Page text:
Decentralisation as a post-conflict reconciliation tool: Measuring Sri-Lanka’s success

Project Active from to State and Political Economy

After militarily defeating the Liberation Tigers of Tamil Elam (LTTE) in 2009 (bringing an end to LTTE's 30-year campaign of terror to establish a separate Tamil state), the Sri Lankan government has been under constant pressure from the international community to establish a meaningful post-war reconciliation process. This included three successive US-Sponsored resolutions at the UN Human Rights Council (in March 2012, March 2013 and March 2014) and a damning report by the former UN High Commissioner for human rights Navi Pillay, criticising Sri Lanka's inadequate ethnic reconciliation effort. In response, Sri Lanka's previous administration, under President Mahinda Rajapakse, did initiate serveral measures aimed at pacifying minority Tamils. These measures include commissioning a Lessons Learnt and Reconciliation report and establishing the Northern Provincial Council to provide more autonomy to Tamils. However, these steps are generally viewed as inadequate and failing to address the root causes of the conflict.

In January 2015, Sri Lanka's minorities overwhelmingly joined with the opposition to vote President Rajapakse out of office in favor of the current President Maithripala Sirisena who campaigned on a platform more conciliatory towards minorities. Therefore, ethnic reconciliation has now become the responsibility of the new administration. In order to provide the newly-elected government more time to put in place a comprehensive reconciliation process, the UN Human Rights Council recently deferred its probe into Sri Lanka's 'war crimes' which was scheduled for March 2015. The proposed research will attempt to measure the success - or lack thereof - of the new government's reconcilation measures in reducing tensions between ethnic groups.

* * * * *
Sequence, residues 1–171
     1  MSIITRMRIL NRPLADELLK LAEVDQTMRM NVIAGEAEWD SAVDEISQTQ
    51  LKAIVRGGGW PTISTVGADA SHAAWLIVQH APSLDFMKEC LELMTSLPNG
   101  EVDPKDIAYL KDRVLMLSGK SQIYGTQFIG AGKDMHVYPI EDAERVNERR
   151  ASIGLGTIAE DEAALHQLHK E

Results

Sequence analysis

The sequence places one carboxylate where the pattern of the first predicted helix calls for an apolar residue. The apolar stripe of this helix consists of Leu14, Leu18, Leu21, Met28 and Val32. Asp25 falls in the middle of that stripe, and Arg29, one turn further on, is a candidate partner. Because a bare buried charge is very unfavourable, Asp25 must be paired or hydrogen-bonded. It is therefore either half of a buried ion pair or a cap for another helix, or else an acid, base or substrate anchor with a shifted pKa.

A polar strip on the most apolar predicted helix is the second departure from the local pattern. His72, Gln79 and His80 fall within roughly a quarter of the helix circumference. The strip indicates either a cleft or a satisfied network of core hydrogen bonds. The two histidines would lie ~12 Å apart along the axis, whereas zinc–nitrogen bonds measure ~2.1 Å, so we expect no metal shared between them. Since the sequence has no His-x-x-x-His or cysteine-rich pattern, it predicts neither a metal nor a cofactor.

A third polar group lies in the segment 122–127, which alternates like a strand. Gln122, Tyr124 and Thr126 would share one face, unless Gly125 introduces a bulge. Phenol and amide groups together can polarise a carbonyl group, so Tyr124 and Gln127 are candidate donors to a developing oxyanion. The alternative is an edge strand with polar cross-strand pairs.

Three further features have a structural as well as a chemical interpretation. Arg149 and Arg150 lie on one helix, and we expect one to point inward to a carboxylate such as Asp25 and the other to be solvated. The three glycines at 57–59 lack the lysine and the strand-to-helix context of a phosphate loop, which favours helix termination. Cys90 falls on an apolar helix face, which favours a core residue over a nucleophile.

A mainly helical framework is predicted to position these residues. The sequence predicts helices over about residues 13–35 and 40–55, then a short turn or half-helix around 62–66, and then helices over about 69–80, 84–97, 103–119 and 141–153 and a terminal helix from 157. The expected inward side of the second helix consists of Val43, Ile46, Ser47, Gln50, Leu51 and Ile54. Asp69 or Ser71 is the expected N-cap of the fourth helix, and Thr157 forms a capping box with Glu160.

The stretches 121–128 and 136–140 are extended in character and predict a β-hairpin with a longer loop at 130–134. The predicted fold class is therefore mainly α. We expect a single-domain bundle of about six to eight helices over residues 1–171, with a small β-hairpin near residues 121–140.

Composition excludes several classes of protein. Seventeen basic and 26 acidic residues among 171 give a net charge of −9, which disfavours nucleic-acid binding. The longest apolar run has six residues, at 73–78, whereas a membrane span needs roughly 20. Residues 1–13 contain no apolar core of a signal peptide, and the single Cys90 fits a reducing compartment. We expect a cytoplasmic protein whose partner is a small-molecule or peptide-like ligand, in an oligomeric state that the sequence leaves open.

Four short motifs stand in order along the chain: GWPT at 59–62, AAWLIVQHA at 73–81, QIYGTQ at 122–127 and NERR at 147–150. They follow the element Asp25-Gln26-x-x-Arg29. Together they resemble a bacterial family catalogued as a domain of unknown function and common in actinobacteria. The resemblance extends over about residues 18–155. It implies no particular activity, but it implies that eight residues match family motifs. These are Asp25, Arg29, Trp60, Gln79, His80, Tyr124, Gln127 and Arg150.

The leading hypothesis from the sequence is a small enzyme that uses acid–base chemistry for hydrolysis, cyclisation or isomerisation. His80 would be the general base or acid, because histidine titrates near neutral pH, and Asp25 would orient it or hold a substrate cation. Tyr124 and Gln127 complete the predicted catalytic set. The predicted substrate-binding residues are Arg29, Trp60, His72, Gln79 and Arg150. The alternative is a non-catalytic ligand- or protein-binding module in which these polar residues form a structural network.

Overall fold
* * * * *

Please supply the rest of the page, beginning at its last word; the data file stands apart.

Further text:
The proposed research will be conducted in the form of a set of pilot perception surveys, conducted 6 months apart, among a sample of constituents of the Northern Province. These surveys will be conducted in February/March 2015 (baseline) and July/August 2015 (end-line) to understand how the perception of local consituents evolve over the period in relation to the success of the new government's ethnic reconcilation process. A similar survey will be conducted in the Sinhala-dominated Central Province to control for broader (cross-country) trends.

Two main objectives:

  1. To measure, using 2 pilot perception surveys, the progress (or lack thereof) of the new Sri Lankan government's ethnic reconcilation process and its effect on tensions between different ethnic groups during the first 6-8 months of its term. The new goverment came to power on a platform promising reconcilation and better governance.
  2. Establish an integrated social media platform to initiate an interactive discussion with the broader public on issues of good governance, rights and responsibilities of citizenship, and State-society relations. The discussion will also focus on how citizens could mobilize better to hold leaders more accountable, responsive and transparent.